As a teen and young adult my generation fomented rebellion against a system that was wrought with hypocrisy and even hate. The head of the FBI, the chief law enforcer, hid personal secrets while invading the privacy of others and spreading false rumors to bring them down. One of our presidents obstructed justice. Much of our society was segregated and unjust and racist. We were taught one thing and then observed another. Our instincts told us that we had to rise up against the evils that we saw. When we did we were characterized as spoiled and lazy, a label that would haunt us for the rest of our days.
For the sake of our future and the education of our children it is imperative that we repeatedly represent ourselves with habits that are honorable and worthy of respect. This means that we cannot make excuses for behaviors that are harmful. If we want excellence to be our defining characteristic as individuals and as a nation then we can no longer advance false and insulting arguments that defend horrific actions. We must condemn anyone who distorts truth and goodness whether it be Hillary Clinton or Donald Trump or a member of our own family. We simply can no longer afford to cast stones at those who sacrifice their own reputations to reveal the underside of anyone who is manipulating us. To allow ourselves to be abused by heroes or relatives or bullies is akin to self harm. Our silence and acceptance only allows the bad behaviors to grow. As generally very good people we must begin to heal again and head in a positive direction by removing the fears associated with speaking out.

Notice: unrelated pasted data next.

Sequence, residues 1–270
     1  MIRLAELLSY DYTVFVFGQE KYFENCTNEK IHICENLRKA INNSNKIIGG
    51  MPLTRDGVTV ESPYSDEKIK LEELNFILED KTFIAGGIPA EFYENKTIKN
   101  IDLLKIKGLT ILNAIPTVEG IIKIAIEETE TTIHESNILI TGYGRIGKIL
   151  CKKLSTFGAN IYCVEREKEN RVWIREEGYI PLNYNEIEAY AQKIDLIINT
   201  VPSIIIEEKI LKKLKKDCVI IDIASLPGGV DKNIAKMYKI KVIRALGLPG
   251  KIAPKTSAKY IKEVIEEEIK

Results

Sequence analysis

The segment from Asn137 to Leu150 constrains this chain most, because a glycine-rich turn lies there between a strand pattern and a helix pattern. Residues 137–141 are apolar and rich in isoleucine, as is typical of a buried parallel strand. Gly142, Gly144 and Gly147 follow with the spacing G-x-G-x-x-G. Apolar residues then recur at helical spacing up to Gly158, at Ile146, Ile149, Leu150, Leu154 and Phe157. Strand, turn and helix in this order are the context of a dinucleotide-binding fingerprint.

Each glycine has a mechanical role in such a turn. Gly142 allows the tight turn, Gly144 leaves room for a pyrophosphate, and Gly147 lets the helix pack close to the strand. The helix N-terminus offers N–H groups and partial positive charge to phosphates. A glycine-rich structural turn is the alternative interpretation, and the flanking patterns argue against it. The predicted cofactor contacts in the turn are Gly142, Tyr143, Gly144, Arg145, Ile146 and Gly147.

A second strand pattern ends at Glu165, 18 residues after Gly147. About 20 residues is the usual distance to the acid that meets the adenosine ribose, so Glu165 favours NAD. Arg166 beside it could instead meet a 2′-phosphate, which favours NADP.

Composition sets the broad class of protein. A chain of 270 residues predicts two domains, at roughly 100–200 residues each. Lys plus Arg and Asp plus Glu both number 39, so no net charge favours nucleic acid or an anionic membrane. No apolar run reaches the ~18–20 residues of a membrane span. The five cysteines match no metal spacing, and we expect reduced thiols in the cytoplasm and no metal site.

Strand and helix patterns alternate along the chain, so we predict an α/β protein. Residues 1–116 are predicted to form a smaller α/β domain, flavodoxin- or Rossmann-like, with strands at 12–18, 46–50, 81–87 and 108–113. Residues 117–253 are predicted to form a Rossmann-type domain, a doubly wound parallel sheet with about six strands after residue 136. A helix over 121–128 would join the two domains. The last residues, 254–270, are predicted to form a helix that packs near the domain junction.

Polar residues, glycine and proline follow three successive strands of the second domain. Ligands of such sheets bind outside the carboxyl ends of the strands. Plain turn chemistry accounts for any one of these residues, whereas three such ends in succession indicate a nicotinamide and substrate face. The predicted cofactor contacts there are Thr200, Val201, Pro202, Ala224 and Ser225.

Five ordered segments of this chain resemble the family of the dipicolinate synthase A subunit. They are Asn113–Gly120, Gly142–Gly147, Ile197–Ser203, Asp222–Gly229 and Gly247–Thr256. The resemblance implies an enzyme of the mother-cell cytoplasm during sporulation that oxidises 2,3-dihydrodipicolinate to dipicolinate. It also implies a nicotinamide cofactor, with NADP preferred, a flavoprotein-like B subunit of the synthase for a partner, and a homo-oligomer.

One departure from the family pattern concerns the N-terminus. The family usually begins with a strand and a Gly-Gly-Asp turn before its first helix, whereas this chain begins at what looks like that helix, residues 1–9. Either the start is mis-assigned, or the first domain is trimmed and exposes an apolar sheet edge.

Long before the terrible shootings at Columbine High School there were teachers and students and parents who reported concerns about the two young men who ultimately became mass murderers. The individuals who stepped forward were questioned and harassed more than the boys who were the objects of their worries. In journal entries one of the killers laughed at how easily he fooled everyone with his charms and bragged about twisting their stories to make it appear that he was being beset upon rather than being the real bully. He might have been stopped if his accusers’ stories had been accorded more respect. Instead the school administrators and even the police suggested that the behaviors were just typical teenage antics.
It’s time for all of us to truly honor character once again. There are many moral people in our midst. In fact I believe that such individuals are the majority. Sadly we are lacking in leadership from the best among us and instead honoring those who fool us with empty promises and bombast. We allow hateful people to proclaim their Christianity even while lying and espousing harmful and selfish ideas. We have permitted ourselves to accept a double standard all in the name of winning. It is time for each of us to insist on excellence of character once again. It is a habit that bears repeating.